It's definitely the most fun episode of Discovery and it demonstrates better than any of them so far that the series isn't going to be locked down to one tone all of the time, despite the serialised story. But it's not going to pull a Voyager-style reset either, as Stamets is happy to tell anyone what happened, and Burnham and Tyler's relationship has taken a big jump forward.

Stamet's multi-dimensional nature and Burnham's reputation are what saves the day here, so I suppose the moral of the story is to experiment on yourself and piss off the Klingons. Or maybe it's to play the cards you've been dealt. Or maybe it's that if you keep spending all your budget on CGI monsters and the virtual shuttle bay you'll never be able to afford to get your actors down onto a planet like The Orville does every week.

Actually the moral is stated outright at the end: if you don't break out of your routines you'll never defeat Harry Mudd and find love. Also if you keep trying at something and never give up, you can achieve amazing things... then get caught and forced to live with a woman you hate.

SHUTTLE CRISIS OF THE WEEK:
Nothing bad happens to any shuttles or shuttle pilots this week, though Harry Mudd does shove a shuttle down a space whale's throat and then uses it to destroy/hijack the Discovery 50+ times.

I love his goofy light-up Andorian helmet by the way.



COMING SOON
Discovery will return with Si Vis Pacem... uh, some long Latin title. But coming next on Sci-Fi Adventures, it's Babylon 5's All Alone in the Night.

You should break out of your comfort zone and leave me a response in the box below! Unless you've gotten into a routine of writing comments, then you should totally stay in that rut.

7 comments:

  1. Mudd says he managed to rob a bank, presumably by doing it in a time loop. Assuming that's true, did Mudd have to blow up the bank the way he did Discovery to reset the loop? It seems like a bank would be harder to blow up than a ship. Of course, it's Star Trek...maybe banks have self-destruct mechanisms.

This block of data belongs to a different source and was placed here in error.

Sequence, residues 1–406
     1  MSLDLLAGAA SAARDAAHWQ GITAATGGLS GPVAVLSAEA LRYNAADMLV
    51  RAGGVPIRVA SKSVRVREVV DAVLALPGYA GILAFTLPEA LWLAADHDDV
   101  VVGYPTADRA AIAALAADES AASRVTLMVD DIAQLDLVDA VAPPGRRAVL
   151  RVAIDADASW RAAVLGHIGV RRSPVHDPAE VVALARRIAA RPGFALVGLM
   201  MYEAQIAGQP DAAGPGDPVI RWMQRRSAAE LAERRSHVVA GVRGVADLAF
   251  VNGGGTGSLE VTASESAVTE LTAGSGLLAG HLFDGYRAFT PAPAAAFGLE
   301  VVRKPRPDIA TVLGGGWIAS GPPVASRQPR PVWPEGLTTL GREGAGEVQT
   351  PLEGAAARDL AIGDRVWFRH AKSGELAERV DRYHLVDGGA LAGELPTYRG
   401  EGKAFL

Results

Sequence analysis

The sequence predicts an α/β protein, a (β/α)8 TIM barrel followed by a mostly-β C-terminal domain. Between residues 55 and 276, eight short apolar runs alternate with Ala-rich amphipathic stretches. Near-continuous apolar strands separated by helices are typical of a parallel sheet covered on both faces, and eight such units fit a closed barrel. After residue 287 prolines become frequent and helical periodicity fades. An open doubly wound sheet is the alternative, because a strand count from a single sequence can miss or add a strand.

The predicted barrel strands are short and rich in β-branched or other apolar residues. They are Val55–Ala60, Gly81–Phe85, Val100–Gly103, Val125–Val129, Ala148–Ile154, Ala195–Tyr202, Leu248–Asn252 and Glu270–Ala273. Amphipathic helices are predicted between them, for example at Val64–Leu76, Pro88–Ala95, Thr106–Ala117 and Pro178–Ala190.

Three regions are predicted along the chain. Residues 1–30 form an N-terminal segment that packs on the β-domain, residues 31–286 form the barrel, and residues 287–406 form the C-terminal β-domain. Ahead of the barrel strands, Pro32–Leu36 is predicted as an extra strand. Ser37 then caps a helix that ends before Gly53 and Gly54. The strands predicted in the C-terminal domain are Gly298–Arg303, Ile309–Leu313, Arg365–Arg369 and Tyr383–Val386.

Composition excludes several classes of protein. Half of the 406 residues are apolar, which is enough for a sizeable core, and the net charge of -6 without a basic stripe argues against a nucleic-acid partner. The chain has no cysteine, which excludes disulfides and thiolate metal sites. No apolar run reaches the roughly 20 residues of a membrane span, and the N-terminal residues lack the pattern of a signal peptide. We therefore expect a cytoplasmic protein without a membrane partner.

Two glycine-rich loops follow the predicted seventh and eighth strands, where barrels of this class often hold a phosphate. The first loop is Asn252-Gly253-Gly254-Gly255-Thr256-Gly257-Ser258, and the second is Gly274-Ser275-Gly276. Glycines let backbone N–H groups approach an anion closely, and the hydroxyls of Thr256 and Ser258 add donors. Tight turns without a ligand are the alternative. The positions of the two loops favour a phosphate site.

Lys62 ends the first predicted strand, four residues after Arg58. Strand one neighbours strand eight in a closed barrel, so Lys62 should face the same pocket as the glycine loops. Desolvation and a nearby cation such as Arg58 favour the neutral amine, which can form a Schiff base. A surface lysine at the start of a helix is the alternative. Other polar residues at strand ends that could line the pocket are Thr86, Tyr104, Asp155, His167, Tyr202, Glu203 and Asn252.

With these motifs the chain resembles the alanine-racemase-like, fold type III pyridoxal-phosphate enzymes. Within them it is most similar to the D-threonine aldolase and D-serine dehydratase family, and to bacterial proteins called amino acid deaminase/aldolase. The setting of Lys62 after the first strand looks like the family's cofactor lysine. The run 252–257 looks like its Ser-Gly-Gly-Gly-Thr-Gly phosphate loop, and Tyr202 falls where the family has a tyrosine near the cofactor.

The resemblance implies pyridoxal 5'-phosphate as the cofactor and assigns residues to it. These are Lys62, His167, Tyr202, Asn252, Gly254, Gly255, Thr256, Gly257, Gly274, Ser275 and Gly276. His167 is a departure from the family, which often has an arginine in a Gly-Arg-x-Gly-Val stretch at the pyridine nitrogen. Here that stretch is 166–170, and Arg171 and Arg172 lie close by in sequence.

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    1. Did he have to blow up the ship to reset the loop? I thought he just did that because... well, it's really easy to blow Discovery up. It's almost a design flaw.

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  2. I... I did not pick up on the Jormungandr/gormagander thing at all. Wow.

    All the way through, my brain was telling me that I should hate this episode. Time loop plot? Gah! Space whale? Urk! Even so, I thought it was great fun, so I suppose I've learned to ignore my brain?

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    1. I didn't pick up on it either until I went searching the internet to find out how to spell it.

      And there's nothing wrong with time loop plots! Time crystals and space whales are a bit dodgy, but time loops have given us some of the very finest episodes of many series! And a couple of pretty decent movies too.

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    2. I think I was wary because time travel episodes in Trek usually -- although not always, as you point out -- signify that the writers have run out of ideas (cough) Enterprise (cough) and it seemed a bit early for that to happen in Discovery.

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    3. Enterprise WISHES it had a time loop episode.

      I'm not sure I agree with you about time travel, as every Trek series (and Farscape, Babylon 5, Red Dwarf... Doctor Who) went time travelling in its first season, and the Original Series had visited 20th century Earth twice before its first year was over.

      Though on the other hand, orb visions aside, Deep Space Nine didn't really introduce time travel until season 3 and Voyager had time travel by episode 3, so maybe you're onto something.

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    4. You know, you're right. I love the B5 time travel episodes and most of the Red Dwarf and TNG ones, and I always have, um, time for a time travel movie.

      (Except Looper, which was dumb as a post.)

      I think I'm just traumatised by Voyager and Enterprise and their general poor approach to time travel.